MC system. Designers have responded by modifications which include the addition of inboard leg bolts at
A-A, A-B & B-C. The global model is exercised in an effort to quantify the shear load on the bolts.

Fig. 9 shows a bar chart of the tensile preload and transverse shear load form the EM load application in
each of the 32 original C-C bolts, and a model plot showing the bolt numbering system. The bolts are
preloaded to roughly 75 kip (kilo-pounds), and the flange and shim surfaces have a finish which produces a
design-basis friction coefficient of 0.4. Bolt numbers 1 & 32 carry the largest shear force at < 3 kips. This is
indicative of the bolts being stuck and the loading transferred through friction as expected. A higher
contact stiffness would reduce the residual shear load that the bolts experience. This is discussed in more
detail below in Appendix A.1

Fig. 10 shows a contour plot of the C-C interface slippage (in meters) and the contact status plot bolt shear
load vectors as a result of the EM load application. The blue regions of the contour plot are limited to the
areas where bolts pull the flanges together and indicate little or no slippage. The slippage away from the
inboard leg is quite small (< 0.05 mm).

12

100                Tension (Pre), kip                                                           3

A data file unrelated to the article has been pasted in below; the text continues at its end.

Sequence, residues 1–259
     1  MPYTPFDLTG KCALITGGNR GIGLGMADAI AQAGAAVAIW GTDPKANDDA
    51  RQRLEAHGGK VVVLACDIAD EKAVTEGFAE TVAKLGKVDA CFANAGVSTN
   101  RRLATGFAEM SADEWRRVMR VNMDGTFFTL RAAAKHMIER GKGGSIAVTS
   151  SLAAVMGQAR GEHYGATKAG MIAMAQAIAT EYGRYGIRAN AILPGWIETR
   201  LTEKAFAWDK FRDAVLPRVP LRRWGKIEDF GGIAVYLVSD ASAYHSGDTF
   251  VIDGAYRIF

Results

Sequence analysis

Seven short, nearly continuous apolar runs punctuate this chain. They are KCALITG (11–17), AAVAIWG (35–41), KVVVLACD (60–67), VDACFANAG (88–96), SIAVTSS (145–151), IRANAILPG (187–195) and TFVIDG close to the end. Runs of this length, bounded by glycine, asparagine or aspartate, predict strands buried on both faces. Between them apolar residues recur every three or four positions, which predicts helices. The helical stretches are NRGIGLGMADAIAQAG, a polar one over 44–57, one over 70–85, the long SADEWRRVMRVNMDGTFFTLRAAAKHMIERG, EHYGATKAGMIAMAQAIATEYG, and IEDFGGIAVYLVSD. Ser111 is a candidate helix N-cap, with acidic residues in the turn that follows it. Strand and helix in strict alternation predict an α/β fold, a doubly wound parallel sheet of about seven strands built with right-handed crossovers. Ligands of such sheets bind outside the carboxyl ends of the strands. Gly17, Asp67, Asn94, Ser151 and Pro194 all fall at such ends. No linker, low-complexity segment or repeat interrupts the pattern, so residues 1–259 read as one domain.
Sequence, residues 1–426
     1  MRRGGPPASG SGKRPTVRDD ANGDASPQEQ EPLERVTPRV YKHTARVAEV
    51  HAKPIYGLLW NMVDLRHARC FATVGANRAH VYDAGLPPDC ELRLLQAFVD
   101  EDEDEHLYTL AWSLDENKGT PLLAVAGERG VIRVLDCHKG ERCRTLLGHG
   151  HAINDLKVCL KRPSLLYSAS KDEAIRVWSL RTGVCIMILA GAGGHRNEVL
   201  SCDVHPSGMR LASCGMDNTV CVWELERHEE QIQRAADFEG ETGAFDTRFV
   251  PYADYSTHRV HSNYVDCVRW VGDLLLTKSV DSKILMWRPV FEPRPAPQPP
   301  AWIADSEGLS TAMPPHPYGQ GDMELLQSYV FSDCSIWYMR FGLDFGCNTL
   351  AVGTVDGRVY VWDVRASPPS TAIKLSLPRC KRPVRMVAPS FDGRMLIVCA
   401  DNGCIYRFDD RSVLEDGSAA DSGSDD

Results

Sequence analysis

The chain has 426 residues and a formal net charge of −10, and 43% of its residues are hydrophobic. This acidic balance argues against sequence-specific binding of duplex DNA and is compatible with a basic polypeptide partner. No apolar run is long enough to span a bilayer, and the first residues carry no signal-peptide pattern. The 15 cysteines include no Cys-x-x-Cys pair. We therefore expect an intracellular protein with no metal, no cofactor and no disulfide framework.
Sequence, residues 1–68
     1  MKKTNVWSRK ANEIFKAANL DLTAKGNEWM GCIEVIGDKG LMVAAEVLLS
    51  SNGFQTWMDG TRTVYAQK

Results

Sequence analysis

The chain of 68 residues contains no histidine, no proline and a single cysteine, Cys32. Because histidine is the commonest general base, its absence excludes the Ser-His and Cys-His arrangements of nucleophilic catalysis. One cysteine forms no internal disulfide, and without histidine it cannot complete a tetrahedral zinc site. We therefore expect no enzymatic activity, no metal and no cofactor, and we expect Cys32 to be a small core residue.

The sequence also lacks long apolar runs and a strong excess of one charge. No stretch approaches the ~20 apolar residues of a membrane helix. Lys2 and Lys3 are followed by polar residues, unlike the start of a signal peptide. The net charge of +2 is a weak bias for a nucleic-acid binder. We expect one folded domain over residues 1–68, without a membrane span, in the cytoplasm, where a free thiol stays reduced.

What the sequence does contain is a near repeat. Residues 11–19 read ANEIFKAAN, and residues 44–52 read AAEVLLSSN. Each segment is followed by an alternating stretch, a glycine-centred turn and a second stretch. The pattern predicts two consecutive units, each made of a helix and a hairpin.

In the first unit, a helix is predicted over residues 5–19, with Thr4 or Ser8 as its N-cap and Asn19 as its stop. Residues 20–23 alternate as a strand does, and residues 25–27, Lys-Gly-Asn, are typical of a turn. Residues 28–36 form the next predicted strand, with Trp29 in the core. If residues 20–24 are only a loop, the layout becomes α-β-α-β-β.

Shear (Pre+EM-Pre), kip

75

2
Tension, k-lb

50

1
25

0                                                                                             0
1 2 3 4 5 6 7 8 9 10 11 12 13 14 15 16 17 18 19 20 21 22 23 24 25 26 27 28 29 30 31 32
Bolt #

Fig. 9. C-C Bolt Preload & EM-Driven Shear Load (top) & Bolt Numbering (bottom)

13
Fig. 10. C-C Slip [m] & Bolt Shear Loads [kip] from EM Load Application

14
4.2. Case Study 1> Results for the various CC inner leg options

The inner leg of the CC coil cannot be welded together like the other interfaces because of the electrical
break isolation requirement. As such, the inner leg is outfitted with 12 inner bolts. These bolts are 1.375"
diameter, which are same diameter as the outer bolts. The number of bolts was chosen based on the
positive results form an access study on a full scale mock up. These bolts are shown in Figure 11.

Fig. 12. shows a bar chart of the tensile preload and transverse shear load from the EM load application in
each of the C-C bolts and a model plot of the friction scheme for the run. Here, 6 bolts have been added to
the CC even though there are holes present for all 12. The additional holes (6 inner most holes indicated by
x's) simply do not have any bar/pipe elements connecting them. The bolts are preloaded to roughly 75 kip
(kilo-pounds), and the flange and shim surfaces have a finish which produces a design-basis friction
coefficient of 0.4 under all of the bolts. The unbolted area on the extreme inboard has friction set to 0.04
friction. In further analysis the inboard friction is also set to 0.4. which allows for a bounding range for
slippage. Fig 13 illustrates the sliding and contact behavior on the CC interface. A similar series of plots